In 2007, I proposed a plan to my company to take a one-year sabbatical. My reasoning, at least to myself was because, after 22 years in corporate America, I was tired and sick. I was physically and emotionally exhausted and had recently been diagnosed with Lupus. The job that I had once loved had turned into a nightmare that I woke up to every day.

During the one-year sabbatical, I decided to move to Florence, Italy. It was a bucket list items. I wanted to live in another country and learn another language. I rented an apartment, got rid of most of my “stuff” and moved. During that year, I learned how to and the importance of simplifying your life.

1. Live in as small a place as is comfortable. This was learned purely by accident. I rented a 600 square foot apartment in Florence. There was a small bathroom, a galley kitchen, a living room and a loft bedroom. I moved there from a 1500 square foot condominium that I “downsized” to after my sons were grown and I was divorced.

After living there a while and being surprised at how comfortable I was, I realized that in my condominium, I really only used the same rooms as I had in this apartment. Additionally, I didn’t accumulate more stuff because there was nowhere to put it. It was easy to clean, heat and cool, and to furnish.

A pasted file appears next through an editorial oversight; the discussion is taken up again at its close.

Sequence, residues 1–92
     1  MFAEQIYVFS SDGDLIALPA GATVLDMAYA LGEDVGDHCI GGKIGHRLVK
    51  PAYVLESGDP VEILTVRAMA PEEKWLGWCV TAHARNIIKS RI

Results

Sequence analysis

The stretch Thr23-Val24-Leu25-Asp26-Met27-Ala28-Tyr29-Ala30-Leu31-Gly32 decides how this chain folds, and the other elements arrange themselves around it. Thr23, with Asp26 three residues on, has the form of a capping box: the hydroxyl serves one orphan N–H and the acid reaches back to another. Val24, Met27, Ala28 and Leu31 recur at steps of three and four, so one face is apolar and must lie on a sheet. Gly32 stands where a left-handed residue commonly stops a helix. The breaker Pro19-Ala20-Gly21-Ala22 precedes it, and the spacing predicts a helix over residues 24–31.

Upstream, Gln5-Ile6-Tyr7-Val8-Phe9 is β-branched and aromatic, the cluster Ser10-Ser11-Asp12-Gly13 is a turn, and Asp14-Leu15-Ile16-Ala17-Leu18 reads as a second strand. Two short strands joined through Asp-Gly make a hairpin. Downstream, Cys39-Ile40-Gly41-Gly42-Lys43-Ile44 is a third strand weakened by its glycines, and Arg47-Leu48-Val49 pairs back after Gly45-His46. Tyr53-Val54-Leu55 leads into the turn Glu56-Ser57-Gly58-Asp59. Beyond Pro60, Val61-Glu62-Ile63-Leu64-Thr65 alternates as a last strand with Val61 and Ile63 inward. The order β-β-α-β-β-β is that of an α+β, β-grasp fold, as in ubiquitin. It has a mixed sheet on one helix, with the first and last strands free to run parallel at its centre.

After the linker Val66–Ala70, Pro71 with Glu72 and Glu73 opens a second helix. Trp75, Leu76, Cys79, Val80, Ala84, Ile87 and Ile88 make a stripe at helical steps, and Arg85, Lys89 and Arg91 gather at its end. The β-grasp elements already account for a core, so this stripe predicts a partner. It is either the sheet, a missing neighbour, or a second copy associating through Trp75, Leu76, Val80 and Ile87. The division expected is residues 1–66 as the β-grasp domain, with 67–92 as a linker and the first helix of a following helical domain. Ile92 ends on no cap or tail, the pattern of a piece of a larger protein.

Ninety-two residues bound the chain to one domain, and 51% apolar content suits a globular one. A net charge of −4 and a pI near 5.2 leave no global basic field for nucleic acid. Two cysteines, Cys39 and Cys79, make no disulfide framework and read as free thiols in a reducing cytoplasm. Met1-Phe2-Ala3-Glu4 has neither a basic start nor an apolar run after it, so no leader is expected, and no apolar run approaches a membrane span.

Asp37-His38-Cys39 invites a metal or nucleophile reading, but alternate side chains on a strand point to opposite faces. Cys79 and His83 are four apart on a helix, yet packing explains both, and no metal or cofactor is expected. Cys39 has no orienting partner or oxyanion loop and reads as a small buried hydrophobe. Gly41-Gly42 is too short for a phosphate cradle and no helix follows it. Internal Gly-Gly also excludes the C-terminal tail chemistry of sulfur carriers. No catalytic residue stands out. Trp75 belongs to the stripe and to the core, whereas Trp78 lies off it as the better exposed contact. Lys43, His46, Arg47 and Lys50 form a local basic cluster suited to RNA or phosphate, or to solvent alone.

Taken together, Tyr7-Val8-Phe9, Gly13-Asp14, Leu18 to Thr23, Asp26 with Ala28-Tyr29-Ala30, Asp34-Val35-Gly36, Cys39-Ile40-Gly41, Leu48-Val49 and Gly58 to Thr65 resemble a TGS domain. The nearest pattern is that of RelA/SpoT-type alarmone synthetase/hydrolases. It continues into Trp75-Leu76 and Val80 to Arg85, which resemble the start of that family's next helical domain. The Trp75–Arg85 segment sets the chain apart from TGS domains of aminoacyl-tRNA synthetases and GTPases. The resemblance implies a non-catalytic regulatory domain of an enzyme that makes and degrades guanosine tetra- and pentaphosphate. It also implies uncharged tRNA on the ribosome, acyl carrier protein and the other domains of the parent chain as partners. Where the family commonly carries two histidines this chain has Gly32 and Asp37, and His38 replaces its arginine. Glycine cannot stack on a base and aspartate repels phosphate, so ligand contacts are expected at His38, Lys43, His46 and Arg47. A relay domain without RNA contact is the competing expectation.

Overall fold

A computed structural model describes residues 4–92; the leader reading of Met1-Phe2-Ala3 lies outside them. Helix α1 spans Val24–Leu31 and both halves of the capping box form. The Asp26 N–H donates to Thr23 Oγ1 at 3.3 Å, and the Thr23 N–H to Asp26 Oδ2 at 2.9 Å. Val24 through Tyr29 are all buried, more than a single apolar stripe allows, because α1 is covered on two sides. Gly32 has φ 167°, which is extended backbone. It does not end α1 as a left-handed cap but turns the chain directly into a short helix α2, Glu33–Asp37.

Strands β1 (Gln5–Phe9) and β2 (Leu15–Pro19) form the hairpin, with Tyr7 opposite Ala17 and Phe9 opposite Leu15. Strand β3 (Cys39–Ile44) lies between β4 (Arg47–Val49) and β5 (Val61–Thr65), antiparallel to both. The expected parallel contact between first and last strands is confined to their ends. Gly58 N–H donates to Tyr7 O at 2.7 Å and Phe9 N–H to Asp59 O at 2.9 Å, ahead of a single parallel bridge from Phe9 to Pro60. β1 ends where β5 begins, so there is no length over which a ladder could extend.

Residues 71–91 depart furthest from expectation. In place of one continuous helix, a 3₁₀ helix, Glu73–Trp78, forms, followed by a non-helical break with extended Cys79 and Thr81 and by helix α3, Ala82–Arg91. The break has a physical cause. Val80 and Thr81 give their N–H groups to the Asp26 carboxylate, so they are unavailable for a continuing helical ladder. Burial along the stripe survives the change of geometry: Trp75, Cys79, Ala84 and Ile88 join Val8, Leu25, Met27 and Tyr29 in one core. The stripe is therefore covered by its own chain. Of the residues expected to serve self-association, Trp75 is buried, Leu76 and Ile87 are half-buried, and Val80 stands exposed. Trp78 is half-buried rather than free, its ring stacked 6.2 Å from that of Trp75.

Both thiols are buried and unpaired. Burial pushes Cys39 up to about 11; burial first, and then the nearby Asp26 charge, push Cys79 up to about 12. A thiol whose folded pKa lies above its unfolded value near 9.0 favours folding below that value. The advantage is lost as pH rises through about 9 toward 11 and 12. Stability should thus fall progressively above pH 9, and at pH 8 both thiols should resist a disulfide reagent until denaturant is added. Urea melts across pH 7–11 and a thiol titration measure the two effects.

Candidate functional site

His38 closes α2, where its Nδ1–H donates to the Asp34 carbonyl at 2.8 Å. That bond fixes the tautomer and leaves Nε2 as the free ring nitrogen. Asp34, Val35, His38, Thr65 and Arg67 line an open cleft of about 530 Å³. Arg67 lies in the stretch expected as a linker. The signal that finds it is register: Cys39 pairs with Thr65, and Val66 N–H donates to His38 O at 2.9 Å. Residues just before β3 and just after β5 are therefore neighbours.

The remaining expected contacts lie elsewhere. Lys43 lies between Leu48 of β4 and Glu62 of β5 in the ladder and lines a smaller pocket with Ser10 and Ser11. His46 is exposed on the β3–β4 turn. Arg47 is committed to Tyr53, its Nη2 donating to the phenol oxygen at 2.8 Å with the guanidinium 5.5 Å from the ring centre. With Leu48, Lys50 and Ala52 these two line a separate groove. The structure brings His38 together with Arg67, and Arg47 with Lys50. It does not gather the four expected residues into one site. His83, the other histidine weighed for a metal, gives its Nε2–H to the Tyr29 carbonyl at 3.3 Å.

Because it was an apartment, I had no maintenance to do, no lawn to mow or garden to tend. If you like doing those things, it’s great, but if you don’t, it’s a relief not to have them.

2. Get rid of debt. This seems obvious. Many times we use credit to buy things to put in our houses, wear, eat, or entertain us. The pleasure of those things can be overshadowed by the burden and weight of the debt. Not having debt is not only liberating, it cuts down on the number of bills you have to pay each month.

3. Live somewhere “walkable”. This isn’t easy to accomplish in the United States. When I visit there, one of the most annoying things is how much time I spend in the car. I haven’t had a car in 11 years now. While living in Boston I didn’t have a car, but in most American cities and suburbs it’s just not possible.

When you live somewhere that you can walk to the store and buy eggs and milk, have a cup of coffee, pick up a newspaper, you get some exercise, meet new people, and at least cut down on gas if you do still own a car.

If you are able to get rid of the car altogether, even better. I use public transportation and when I lived in Boston made occasional use of Zipcar, which is located in many American cities. Even Uber is a nice option these days. If you live somewhere walkable the cost of public transportation on an occasional basis saves money, maintenance, registration, and parking fees.